https://leetcode.com/problems/sliding-window-median/

Median is the middle value in an ordered integer list. If the size of the list is even, there is no middle value. So the median is the mean of the two middle value.

1 | Examples: |

Given an array nums, there is a sliding window of size k which is moving from the very left of the array to the very right. You can only see the k numbers in the window. Each time the sliding window moves right by one position. Your job is to output the median array for each window in the original array.

1 | For example, |

Note:

You may assume k is always valid, ie: 1 ≤ k ≤ input array’s size for non-empty array.

#### java

https://discuss.leetcode.com/topic/74724/java-solution-using-two-priorityqueues

Java solution using two PriorityQueues

Almost the same idea of Find Median from Data Stream https://leetcode.com/problems/find-median-from-data-stream/

- Use two Heaps to store numbers. maxHeap for numbers smaller than current median, minHeap for numbers bigger than and equal to current median. A small trick I used is always make size of minHeap equal (when there are even numbers) or 1 element more (when there are odd numbers) than the size of maxHeap. Then it will become very easy to calculate current median.
- Keep adding number from the right side of the sliding window and remove number from left side of the sliding window. And keep adding current median to the result.

1 | public class Solution { |

#### cpp

https://discuss.leetcode.com/topic/74963/o-n-log-k-c-using-multiset-and-updating-middle-iterator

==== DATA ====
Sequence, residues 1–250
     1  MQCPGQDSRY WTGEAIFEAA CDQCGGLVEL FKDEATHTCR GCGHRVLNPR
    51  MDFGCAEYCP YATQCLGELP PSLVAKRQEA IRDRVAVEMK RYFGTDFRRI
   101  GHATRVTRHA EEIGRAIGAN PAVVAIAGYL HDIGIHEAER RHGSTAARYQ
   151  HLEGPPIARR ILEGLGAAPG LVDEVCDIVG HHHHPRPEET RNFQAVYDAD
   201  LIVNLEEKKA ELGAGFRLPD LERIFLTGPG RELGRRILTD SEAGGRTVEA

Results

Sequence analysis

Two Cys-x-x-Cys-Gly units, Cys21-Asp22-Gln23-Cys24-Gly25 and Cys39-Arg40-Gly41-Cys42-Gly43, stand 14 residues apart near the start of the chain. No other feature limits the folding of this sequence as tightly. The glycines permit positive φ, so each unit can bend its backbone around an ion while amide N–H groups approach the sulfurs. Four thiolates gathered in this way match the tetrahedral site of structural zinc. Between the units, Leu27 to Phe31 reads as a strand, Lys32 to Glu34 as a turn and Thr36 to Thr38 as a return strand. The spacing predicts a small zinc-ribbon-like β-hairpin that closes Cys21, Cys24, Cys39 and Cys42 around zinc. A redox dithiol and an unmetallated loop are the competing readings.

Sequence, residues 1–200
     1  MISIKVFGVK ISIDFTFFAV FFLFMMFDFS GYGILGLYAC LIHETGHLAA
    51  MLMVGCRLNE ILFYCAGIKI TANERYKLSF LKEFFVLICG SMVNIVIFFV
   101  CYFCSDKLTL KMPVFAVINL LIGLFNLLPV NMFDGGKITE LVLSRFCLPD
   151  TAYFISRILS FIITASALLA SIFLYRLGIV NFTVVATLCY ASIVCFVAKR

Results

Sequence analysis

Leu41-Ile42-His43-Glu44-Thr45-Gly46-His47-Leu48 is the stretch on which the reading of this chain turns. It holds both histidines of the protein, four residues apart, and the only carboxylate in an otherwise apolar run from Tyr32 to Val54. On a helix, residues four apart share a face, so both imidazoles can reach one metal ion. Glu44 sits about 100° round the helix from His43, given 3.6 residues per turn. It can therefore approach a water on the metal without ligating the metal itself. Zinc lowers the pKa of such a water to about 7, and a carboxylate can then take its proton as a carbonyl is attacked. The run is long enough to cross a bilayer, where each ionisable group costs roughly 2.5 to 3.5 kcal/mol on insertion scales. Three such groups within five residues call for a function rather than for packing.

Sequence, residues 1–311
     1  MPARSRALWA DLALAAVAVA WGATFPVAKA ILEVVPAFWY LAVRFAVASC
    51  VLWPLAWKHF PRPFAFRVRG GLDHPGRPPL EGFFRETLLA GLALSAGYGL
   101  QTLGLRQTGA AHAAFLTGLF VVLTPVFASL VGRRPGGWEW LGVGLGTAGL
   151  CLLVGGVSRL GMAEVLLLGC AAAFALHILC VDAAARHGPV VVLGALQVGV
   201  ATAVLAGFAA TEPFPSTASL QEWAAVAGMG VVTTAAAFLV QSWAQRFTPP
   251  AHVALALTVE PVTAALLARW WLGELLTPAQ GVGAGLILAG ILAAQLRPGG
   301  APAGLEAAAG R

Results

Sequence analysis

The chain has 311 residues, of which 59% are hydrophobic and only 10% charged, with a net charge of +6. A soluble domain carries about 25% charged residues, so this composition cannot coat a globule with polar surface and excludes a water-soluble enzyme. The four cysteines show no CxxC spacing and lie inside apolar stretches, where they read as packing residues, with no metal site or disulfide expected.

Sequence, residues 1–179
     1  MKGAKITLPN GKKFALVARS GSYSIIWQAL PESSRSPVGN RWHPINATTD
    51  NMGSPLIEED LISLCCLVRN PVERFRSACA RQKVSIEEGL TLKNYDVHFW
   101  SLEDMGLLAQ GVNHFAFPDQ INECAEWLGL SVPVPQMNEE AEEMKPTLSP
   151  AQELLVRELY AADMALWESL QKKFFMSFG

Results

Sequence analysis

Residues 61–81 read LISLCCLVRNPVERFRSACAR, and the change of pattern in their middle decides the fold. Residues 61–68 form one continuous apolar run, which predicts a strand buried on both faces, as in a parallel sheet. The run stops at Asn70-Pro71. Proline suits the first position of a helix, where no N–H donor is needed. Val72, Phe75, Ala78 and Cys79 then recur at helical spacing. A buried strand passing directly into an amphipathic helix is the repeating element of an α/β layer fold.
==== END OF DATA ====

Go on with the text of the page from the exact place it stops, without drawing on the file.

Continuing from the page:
Keep the window elements in a multiset and keep an iterator pointing to the middle value (to “index” k/2, to be precise). Thanks to @votrubac’s solution and comments.

1 | vector<double> medianSlidingWindow(vector<int>& nums, int k) { |

https://discuss.leetcode.com/topic/74679/o-n-log-n-time-c-solution-using-two-heaps-and-a-hash-table

O(n* log(n)) Time C++ Solution Using Two Heaps and a Hash Table

There are a few solutions using BST with worst case time complexity O(n*k), but we know k can be become large. I wanted to come up with a solution that is guaranteed to run in O(n* log(n)) time. This is in my opinion the best solution so far.

The idea is inspired by solutions to Find Median from Data Stream: use two heaps to store numbers in the sliding window. However there is the issue of numbers moving out of the window, and it turns out that a hash table that records these numbers will just work (and is surprisingly neat). The recorded numbers will only be deleted when they come to the top of the heaps.

1 | class Solution { |

Since both heaps will never have a size greater than n, the time complexity is O(n* log(n)) in the worst case.

https://discuss.leetcode.com/topic/74577/c-solution-o-n-k

C++ Solution O(n* k)

The idea is to maintain a BST of the window and just search for the k/2 largest element and k/2 smallest element then the average of these two is the median of the window.

Now if the STL’s multiset BST maintained how many element were in each subtree finding each median would take O(log k) time but since it doesn’t it takes O(k) time to find each median.

1 | public: |

#### python

https://discuss.leetcode.com/topic/74634/easy-python-o-nk

Easy Python O(nk)

Just keep the window as a sorted list.

1 | def medianSlidingWindow(self, nums, k): |